MySpace was where you went in the past, WordPress and Movable Type were where people went if they had the patience and writing output to maintain a traditional blog, Facebook was where you went to define yourself by schools and checkboxes, and Tumblr was where you went to make your own identity and express your creativity.
While adding new blogs to WP Roll I noticed that a lot of them still redirect their RSS feeds to FeedBurner. I guess it’s because of subscriber stats, email delivery and other little features that FeedBurner provides.
However, like others I have a strong feeling that FeedBurner will be the next product that Google shuts down. Luckily, FeedBurner offers 30-day feed redirection option, if you decide to remove the feed from FeedBurner:
So go ahead and claim back your short and awesome feed URL that WordPress provides by default.
If you have a self-hosted blog, meaning that you have the access to the files on the server, then implementing OpenID might be the greatest way to help your readers and yourself.
If you haven’t heard about the OpenID before, then in a nutshell it is your universal login name, which you can use to authenticate yourself on other blogs and websites without ever filling out those registration forms again. Read more →
Note: In the previous article I suggested that some writers should avoid using the term ‘web 2.0’, and thus probably wrongly implied that they don’t know what web is. The following is an explanation of what I actually meant.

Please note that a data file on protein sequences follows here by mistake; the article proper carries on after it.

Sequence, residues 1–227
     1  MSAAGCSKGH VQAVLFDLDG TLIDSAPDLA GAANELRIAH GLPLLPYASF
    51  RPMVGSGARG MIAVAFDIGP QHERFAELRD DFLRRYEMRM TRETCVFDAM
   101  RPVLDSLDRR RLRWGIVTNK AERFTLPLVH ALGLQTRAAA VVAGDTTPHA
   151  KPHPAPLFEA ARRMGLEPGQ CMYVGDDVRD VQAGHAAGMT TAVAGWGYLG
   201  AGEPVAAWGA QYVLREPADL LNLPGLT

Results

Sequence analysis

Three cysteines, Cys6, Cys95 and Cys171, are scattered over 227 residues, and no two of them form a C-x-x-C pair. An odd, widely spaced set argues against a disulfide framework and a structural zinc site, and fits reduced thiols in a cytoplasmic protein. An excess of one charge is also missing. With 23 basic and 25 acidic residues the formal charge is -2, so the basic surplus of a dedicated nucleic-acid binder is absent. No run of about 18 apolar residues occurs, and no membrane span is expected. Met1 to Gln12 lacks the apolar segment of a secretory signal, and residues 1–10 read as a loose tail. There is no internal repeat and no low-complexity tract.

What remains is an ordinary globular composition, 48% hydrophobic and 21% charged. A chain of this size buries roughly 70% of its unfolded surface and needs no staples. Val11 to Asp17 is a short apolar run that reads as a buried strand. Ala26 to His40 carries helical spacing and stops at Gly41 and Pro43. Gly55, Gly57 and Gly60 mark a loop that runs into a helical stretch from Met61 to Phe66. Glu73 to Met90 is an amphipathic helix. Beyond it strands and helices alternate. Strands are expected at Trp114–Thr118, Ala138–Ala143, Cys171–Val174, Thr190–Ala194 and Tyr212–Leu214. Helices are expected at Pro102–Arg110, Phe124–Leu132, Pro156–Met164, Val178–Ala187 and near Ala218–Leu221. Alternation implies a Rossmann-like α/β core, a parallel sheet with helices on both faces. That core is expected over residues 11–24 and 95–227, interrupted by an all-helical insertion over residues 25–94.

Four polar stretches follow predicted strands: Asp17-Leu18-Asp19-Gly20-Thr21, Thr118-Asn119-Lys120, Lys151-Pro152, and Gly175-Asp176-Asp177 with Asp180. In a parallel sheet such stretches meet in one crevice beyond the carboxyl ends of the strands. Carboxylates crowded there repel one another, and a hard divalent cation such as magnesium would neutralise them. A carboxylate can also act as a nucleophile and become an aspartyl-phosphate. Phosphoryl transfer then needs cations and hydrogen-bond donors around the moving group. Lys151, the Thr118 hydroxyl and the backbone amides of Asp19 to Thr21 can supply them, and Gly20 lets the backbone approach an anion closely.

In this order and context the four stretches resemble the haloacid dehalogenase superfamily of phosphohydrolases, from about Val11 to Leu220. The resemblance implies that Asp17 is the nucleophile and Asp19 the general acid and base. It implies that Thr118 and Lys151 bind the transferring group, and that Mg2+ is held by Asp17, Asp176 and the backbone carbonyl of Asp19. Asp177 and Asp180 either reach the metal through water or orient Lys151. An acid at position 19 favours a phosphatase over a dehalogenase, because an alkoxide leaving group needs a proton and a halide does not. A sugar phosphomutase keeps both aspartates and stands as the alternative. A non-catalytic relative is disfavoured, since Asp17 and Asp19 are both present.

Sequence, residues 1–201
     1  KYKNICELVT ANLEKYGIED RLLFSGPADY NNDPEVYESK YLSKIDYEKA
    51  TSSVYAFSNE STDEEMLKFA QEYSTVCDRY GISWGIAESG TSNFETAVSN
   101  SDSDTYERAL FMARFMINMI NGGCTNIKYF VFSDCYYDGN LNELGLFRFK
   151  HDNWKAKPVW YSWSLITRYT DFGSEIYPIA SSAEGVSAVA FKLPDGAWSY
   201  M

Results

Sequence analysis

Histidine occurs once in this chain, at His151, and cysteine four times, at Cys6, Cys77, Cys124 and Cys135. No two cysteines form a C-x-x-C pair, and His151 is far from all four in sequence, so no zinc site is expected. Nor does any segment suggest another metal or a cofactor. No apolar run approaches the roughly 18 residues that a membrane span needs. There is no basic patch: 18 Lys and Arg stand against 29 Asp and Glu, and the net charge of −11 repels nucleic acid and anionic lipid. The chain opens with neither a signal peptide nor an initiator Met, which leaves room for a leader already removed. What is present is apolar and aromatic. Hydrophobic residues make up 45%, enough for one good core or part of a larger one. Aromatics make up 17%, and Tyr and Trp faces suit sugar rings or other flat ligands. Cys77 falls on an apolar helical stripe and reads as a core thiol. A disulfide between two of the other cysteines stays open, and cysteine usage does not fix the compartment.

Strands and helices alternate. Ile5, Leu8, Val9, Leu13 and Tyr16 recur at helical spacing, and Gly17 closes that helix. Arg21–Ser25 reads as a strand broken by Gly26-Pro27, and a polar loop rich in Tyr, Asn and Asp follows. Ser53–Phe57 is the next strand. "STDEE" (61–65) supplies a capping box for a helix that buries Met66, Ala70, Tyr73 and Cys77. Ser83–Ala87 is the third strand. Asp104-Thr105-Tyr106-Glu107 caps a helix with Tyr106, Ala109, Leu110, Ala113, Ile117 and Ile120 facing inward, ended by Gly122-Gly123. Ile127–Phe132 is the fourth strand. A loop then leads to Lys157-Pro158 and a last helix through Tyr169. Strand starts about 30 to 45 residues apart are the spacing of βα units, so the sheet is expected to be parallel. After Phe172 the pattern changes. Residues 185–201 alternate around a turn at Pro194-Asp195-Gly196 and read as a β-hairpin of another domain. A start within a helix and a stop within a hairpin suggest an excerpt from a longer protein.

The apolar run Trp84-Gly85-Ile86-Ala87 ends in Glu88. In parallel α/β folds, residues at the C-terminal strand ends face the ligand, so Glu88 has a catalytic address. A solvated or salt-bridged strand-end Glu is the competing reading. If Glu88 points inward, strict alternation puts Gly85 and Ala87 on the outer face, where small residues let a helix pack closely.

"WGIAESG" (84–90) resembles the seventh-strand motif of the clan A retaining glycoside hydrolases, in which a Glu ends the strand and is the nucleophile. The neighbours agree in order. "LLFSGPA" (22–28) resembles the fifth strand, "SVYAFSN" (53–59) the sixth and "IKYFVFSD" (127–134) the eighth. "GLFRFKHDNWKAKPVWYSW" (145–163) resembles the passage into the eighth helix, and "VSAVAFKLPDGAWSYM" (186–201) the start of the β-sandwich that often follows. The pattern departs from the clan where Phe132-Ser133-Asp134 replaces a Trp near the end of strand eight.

If definition means “the act of defining or making definite, distinct, or clear” then the definition of ‘web 2.0’ provided by Tim O’Reilly is neither distinct nor clear. He tries to put way too many things under a single umbrella, under one next version—the 2.0—while many of these things are in a continuous development with varying speed and can not be defined by ‘versions’.
On the first page of the article he formulates the “sense of web 2.0” by giving a few examples of how web 2.0 is different from Web 1.0, like, “publishing –> participation”, “content management systems –> wikis” and “Britannica Online –> Wikipedia”.
If these are the chosen examples to illustrate the principles of web 2.0, then the arrow used between them means something different in each of the examples, which however contradicts to the use of an equal type linguistic/symbolic link among all examples. As none of the known symbols of logic are used (like ⇒ or ∈), then lets try figure out what the author meant. Read more →
I have finally found a few great articles that try to critically assess the otherwise hyped “user–generated content” and “social networking”. Read more →
I disagree with the idea that personal publishing on the web is a threat to journalism. Read more →
The problem is with the journalists who write about the web, with their understanding of the subject and literacy of the web in general. The final drop of encouragement for writing this essay was an article by Jonathan Richards in Times Online titled Web 3.0 and beyond: the next 20 years of the internet.
Web is not a software that is developed and released in versions. Actually, the “versioning” of the web is the worst thing that could happen to the hype of the internet. In the particular article, the author was informed by “Mr Spivack, the founder of Radar Networks, a leading Web 3.0 company” that the cycle of the web development is ten years.
Think of “Mr Einstein, the founder of General theory of relativity, a leading Physics 2.0 theory” saying that the cycle of physics development is 30 (or any other number) years until the Physics 3.0 which concentrates on strings and membranes in an eleven dimension environments. Can you see the absurdity of such statements? Read more →